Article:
I Peter 1:17-23
17 If you invoke as Father the one who judges all people impartially according to their deeds, live in rever-ent fear during the time of your exile. 18 You know that you were ransomed from the futile ways inherited from your ancestors, not with perishable things like silver or gold, 19 but with the precious blood of Christ, like that of a lamb without defect or blemish. 20 He was destined before the foundation of the world but was revealed at the end of the ages for your sake. 21 Through him you have come to trust in God, who raised him from the dead and gave him glory, so that your faith and hope are set on God.
22 Now that you have purified your souls by your obedience to the truth so that you have genuine mutual love, love one another deeply[e] from the heart. 23 You have been born anew, not of perishable but of im-perishable seed, through the living and enduring word of God.

The triumph of the Resurrection of Christ summons followers of Jesus to take a fresh look at how life is to be lived. I Peter 1:17-23 directs our attention to holy living. The opening of verse 17 sets the context for the consideration of the rest of the passage. “If you invoke as Father the one who judges all people impartially according to their deeds”(v.17a). Traditionally, if you look at the history of the Christian movement, Christians are those who invoke God as Father. Christians are people who operate “under God” as the divine Father. Calling upon God as Father reminds us of the familial relationship we have with God. The implication of intimacy should not be missed. We are part of the family of God and, as such, are expected to act accordingly. We should also not miss the implication of God as JUDGE. Judgment is a function of love and holds up the Christian the expected standard of behavior.
The last part of verse 17 begins a string of imperatives implied in living under God. We are to live in “reverent fear.” The actions of each day are to be taken in awe of God and obedience to the Lord.
… live in reverent fear during the time of your exile.
Verses 18 and 19 invoke Old testament imagery of those ransom from slavery. We are reminded that the cost of our liberation was more than more than silver and gold. The cost was the sacrifice of Christ. The ransom price frees us from slavery to sin for service to God. We are no longer captive to the “futile way inherited from your ancestor” (v.18).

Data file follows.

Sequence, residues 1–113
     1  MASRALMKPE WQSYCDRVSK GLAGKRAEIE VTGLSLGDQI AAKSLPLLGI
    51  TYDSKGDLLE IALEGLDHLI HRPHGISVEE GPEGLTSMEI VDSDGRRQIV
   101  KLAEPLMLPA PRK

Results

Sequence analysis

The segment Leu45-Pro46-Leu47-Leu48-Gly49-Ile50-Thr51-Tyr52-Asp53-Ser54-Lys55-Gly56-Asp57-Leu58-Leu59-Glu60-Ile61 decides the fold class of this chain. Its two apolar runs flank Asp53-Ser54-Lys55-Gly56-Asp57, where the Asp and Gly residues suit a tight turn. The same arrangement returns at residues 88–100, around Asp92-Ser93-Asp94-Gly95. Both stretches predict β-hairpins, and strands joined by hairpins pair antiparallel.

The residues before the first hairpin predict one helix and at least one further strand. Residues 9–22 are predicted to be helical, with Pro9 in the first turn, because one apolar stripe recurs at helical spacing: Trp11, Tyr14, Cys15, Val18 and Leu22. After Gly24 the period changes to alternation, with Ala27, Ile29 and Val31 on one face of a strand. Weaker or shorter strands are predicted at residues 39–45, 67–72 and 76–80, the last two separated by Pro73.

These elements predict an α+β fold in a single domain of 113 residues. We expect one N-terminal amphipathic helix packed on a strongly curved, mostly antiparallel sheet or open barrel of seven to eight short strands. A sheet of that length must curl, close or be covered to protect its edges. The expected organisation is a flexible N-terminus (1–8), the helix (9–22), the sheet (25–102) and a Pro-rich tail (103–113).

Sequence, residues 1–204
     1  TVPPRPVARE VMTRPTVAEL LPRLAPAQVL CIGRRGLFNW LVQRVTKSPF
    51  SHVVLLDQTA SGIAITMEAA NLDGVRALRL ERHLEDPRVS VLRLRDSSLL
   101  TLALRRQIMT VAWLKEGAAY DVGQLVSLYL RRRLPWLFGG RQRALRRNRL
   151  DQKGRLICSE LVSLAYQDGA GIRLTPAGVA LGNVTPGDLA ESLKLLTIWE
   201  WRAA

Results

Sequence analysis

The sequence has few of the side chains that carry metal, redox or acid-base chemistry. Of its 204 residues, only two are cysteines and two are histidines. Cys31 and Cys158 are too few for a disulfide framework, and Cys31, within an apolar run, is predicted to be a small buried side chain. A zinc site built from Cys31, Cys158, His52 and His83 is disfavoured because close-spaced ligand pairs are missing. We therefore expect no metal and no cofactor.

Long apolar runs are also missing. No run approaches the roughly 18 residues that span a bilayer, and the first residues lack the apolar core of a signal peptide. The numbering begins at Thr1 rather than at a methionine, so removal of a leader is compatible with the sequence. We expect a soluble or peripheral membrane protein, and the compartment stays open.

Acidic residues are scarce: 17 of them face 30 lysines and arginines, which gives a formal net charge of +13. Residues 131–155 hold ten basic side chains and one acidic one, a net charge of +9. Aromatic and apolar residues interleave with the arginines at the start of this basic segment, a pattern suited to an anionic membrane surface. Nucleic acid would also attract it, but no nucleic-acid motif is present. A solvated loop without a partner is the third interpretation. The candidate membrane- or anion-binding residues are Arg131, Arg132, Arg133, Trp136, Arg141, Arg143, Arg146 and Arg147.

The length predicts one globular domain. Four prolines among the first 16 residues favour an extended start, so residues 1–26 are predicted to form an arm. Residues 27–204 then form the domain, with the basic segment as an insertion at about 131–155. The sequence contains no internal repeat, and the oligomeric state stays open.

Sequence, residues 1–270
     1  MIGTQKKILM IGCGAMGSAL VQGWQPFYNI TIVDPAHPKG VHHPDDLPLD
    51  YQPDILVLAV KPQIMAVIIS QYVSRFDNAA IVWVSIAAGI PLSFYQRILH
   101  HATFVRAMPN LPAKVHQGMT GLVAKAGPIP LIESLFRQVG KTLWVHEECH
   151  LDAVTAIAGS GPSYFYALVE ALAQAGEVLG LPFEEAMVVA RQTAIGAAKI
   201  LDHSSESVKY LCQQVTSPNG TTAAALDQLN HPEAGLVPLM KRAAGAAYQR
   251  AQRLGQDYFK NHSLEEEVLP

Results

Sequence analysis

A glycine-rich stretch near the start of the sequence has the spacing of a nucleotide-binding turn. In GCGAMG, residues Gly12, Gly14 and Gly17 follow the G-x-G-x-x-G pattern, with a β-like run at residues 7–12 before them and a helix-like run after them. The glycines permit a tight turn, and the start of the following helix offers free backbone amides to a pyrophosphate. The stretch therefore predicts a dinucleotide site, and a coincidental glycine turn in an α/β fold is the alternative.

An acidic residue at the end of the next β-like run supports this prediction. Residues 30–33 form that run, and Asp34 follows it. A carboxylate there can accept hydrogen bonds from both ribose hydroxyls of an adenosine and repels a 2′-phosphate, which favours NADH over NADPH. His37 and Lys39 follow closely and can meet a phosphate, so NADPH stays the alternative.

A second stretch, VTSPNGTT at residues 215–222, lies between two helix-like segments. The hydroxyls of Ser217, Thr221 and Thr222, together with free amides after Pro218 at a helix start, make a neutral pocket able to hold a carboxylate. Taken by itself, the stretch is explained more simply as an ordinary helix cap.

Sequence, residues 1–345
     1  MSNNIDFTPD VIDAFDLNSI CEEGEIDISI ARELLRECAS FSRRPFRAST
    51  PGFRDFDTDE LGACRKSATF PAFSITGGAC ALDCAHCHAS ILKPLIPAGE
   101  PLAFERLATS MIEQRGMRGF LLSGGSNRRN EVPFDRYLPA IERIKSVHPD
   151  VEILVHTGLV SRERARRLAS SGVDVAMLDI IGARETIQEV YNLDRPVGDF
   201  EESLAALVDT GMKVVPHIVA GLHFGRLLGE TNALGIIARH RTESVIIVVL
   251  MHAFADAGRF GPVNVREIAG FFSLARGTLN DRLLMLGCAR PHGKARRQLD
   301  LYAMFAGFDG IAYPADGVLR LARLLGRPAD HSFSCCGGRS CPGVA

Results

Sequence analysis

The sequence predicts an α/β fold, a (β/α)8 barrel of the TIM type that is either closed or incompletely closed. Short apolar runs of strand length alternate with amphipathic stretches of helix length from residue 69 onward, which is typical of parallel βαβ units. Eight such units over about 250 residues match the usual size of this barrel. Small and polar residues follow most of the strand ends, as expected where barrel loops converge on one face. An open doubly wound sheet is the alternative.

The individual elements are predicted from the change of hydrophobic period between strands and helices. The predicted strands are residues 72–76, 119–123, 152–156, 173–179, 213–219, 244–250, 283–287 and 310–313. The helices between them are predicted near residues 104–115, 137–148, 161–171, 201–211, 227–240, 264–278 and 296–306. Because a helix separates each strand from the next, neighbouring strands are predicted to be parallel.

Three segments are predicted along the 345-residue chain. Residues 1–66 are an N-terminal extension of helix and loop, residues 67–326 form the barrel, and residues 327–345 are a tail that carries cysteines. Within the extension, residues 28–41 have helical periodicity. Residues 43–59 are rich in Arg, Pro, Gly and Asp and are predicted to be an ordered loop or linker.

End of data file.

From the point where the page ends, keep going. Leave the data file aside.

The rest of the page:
18 You know that you were ransomed from the futile ways inherited
from your ancestors, not with perishable things like silver or gold,
19 but with the precious blood of Christ, like that of a lamb without defect or blemish.

Verses 20 and 21 complete the implications of “Life Under God.” Verse 20 reminds us that God is acting in and through history for salvation. We are not merely the pawns of human history but the children of God in history. Through Christ alone, we are to put our trust and hope in God. These actions of reverent fear; liberation from sin and placing our ultimate hope and trust in God form the basis of Living Under God. They provide the core foundation on what it means to Live Under God.
It is significant to note that the lesson from I Peter 1:17-23 does not end with verse 21. In the first part of verse 21, Christ’s followers are noted as those purified through obedience to God. This purification is to lead to a “genuine mutual love” for one another (v.22). This leads us to the great command of Christ: to love God and each other. The entire theme of Life Lived Under God is summed up in verse 23 by the notion of being born anew through the Living Word of God-Jesus Christ. The Resurrection Triumph is not just about resurrection hereafter but carries sharp moral implications for living today. To be Christian is to wear the label of Christ followers in all our relationship.
“There is an old story of a rebellious soldier who was brought before Alexander the Great. The soldier had been unruly and disobedient. Alexander asked him his name, and with a smirk, he replied, ‘Alexander.’ With one swift blow, Alexander the Great knocked him to the ground. As he stood over him he said, ‘Either change your name or change your ways.’ Brothers and sisters, so it is with the Christians. We are the resurrection qualities of a people of God. Through Christ, we are purified for obedience.”

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